Sometime ago I asked a colleague at Stonehenge to stand where the middle of Stonehole 97 was excavated. I have roughly photoshopped a copy of the Heelstone on top of the image to give an indication of how it might have looked if there had been two stones, some think Stonehole 97 was the original position of the Heelstone and it was moved from there to its present position.
You will note the marker for the stonehole to the right of the picture, for more on its position see: http://www.sarsen.org/2015/12/the-position-of-stone-hole-97.html
I'm a little concerned that, after the present generation is gone, future researchers will use these incorrect markers to formulate new ideas. Marginal tolerances are to be expected, (see also: Aubrey Holes), but not to tens of feet.ReplyDelete
As a loud proponent of the Single Sunstone school, I contend that, not only was S-97 the original Layout Marker, but that it was socketed to a lower depth. The present tilt aside, I think the top of that little scoop we see at about 7.00 is the depth it most likely was. On moving it to where it is now, they lifted it higher so the sun would correctly peen off the top as it arced into the sky.
Stepping cautiously out onto the proverbial limb, I also suspect that it was rotated 90-degrees so that the more flat, present backside, was originally aimed at the northeast.
File under: My Two Cents
It is a condition of the geocentric hypothesis that S97 would have had to have been moved to the correct alignment (the Heelstone is correct and the original avenue is slightly off): Heel is related to rotate and is derived from the same saxon root as wheel: There can only be one axis of rotation at any one time (if that is what it meant)ReplyDelete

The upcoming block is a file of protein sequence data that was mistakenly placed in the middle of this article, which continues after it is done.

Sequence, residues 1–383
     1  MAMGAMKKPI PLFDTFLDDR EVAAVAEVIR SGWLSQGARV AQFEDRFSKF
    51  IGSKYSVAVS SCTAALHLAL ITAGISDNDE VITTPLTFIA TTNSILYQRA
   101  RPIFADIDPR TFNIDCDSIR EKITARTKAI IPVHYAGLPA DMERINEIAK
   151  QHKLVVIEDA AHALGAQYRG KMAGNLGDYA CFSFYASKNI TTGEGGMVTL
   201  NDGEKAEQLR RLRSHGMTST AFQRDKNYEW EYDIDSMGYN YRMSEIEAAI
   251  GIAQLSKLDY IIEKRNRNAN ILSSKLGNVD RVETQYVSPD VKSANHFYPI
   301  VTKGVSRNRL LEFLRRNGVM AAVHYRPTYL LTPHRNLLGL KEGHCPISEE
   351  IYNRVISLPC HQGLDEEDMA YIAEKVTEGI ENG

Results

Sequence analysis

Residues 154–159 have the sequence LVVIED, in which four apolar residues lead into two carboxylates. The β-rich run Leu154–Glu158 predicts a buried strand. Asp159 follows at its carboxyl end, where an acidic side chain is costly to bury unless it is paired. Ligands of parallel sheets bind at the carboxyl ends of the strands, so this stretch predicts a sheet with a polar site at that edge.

When I did the original research into these two locations, most of the archaeo texts seemed to indicate that there would have been two stones. There hasn't been any progress on this has there Neil?
There's still a few out there, but most others are coming around. Some do think there were two at one time, yes, but it's fairly obvious that they weren't both there at the same time.Delete
I mean, all you have to do is look at it, right? The two stones are not symmetrically positioned, and the place is nothing if not 'eye-pleasing'.
As everyone knows, I take it further by saying it was the same stone, moved.
Remember - this discovery, in terms of SH research, is very recent. 1979/80. That's last week as these things go.
Yes.. odd. Plus there's Mike Pitt's discovery of the ditch which showed that the time-sequence was different for each of the locations (it was Mike wasn't it.. I forget).Delete
There's very little debate about archaeology, so easy to think that older texts (say more than 20 years old) are still current.
Some of the stuff written in the 90s is still good, certainly. Heck - there's stuff from the 50s that are still relevant - though caution is advised when fishing through the work.Delete
Yes, it was Mike Pitts that found S-97. That was an emergency dig in 79 done because the electric company had started trenching a new conduit on the wrong side of the road! The well known picture by Arthur Simon of a young Mike Pitts crouched by the trench is fun - especially when we realize that it's Richard Atkinson who's crouched right next to him!